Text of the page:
Nonetheless, horse processing remains illegal, a USDA spokesperson told Need to Know in an e-mailed statement. Under the program set forth in the Farm Bill, state processing plants are required to follow federal regulations. According to the USDA, Congress’s decision to cut funding for horse inspection “effectively prohibits horse slaughter” on a federal level, which means that any state participating in the federal inspection program would also be required to prohibit horse slaughter.

If Larson’s bill passes in Nebraska, the stage will be set for a battle between the state and the federal government over the legality of horse slaughter. Larson is ready to fight. “This is a states’ rights issue,” he says. “It’s time that the states stick up for themselves on a variety of issues.”

Opponents of LB305, which will be up for debate in the Nebraska legislature as soon as next week, include animal rights activists who oppose horse slaughter on ethical grounds. Nancy Perry, vice-president of government affairs at the Humane Society of the United States and a prominent voice against horse slaughter, says that allowing horse processing plants to reopen in Nebraska would challenge “civil society’s approach to how we treat horses” and constitute animal cruelty.

“There is a special cruelty involved with the act of shifting their status midlife,” Perry said. If your horse is suffering, she said, don’t let its life end at the slaughterhouse. “It’s more humane to have your horse euthanized quietly, gently, at home, than to put it through that horrible process.”

LB305’s supporters also claim the ethical high ground in the debate, arguing that the end of horse processing in the United States has created a glut of unwanted horses that are left to die of starvation and neglect.

But Perry says that the poor economy, not closing slaughterhouses, has caused the recent spike in unwanted horses. She believes that animal rescue organizations can help turn that trend around. “We need people who go in and work with the owners to help alleviate the suffering,” she said.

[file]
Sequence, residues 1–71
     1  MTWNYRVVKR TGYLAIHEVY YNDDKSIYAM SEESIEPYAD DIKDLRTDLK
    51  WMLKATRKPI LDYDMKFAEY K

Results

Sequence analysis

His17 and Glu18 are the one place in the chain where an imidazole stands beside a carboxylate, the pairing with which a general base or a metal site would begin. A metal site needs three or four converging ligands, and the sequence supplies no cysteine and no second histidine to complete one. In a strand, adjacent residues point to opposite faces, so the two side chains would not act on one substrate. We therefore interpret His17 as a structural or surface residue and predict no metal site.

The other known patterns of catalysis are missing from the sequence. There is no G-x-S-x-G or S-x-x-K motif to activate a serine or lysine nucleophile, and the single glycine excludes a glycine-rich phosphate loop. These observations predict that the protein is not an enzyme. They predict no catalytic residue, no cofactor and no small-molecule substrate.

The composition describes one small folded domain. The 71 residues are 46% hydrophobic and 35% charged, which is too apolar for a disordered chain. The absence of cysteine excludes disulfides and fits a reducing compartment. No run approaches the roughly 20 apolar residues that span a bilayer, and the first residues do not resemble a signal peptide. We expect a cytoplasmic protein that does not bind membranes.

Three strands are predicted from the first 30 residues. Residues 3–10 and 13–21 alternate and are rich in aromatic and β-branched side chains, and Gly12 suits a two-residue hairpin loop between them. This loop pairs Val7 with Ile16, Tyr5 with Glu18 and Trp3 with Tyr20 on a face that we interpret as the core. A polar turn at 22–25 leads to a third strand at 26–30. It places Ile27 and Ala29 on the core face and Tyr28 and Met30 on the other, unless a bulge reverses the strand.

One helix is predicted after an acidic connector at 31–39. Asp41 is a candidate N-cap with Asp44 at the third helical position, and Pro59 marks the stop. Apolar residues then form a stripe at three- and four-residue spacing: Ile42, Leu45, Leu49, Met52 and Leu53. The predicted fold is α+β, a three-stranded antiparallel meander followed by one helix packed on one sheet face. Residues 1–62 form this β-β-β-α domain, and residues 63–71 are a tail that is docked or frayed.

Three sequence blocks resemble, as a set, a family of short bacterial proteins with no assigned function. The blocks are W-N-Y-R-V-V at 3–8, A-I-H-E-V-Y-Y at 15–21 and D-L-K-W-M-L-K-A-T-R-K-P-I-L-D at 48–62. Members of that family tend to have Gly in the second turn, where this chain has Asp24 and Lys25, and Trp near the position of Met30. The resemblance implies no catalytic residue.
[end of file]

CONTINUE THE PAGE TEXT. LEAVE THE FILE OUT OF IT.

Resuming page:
She noted that horses kept as pets are routinely treated with medicines considered unsafe for human consumption and not used on animals raised for meat. Questions about the safety of horse meat have led to strict inspection policies in Canada and the European Union.

Some animal rights advocates say that untrained slaughterhouse workers would not be able to deal humanely with horses, whose frantic reactions to confinement make them difficult to kill quickly or painlessly.

Larson and other supporters of the bill claim that horses can be killed as humanely as any other animals. Texas A&M University animal behavior professor Ted Friend, who observed horse behavior in American processing plants before 2006, agrees. “Actually, many of the horses going in are fairly tame and are accustomed to humans,” he told Need to Know, “which cattle are not.” Despite our cultural objection to the practice, he said, it can be done without causing undue suffering for the animals. “We could do it well, you know, and they deserve it.”

  • thumb
    Main Street: Findlay, Ohio
    Need to Know travels to Ohio to assess how workers are faring after the loss of millions of manufacturing jobs over the past 35 years.
  • thumb
    Following the money: Tax breaks
    New CBO report echoes the findings of Need to Know's "A tale or four tax returns."
  • thumb
      Certifiably employable
    Rick Karr recently visited Seattle to look at a program designed to give the unemployed the skills they need to find jobs in one of the country’s fastest-growing industries.


  • ECS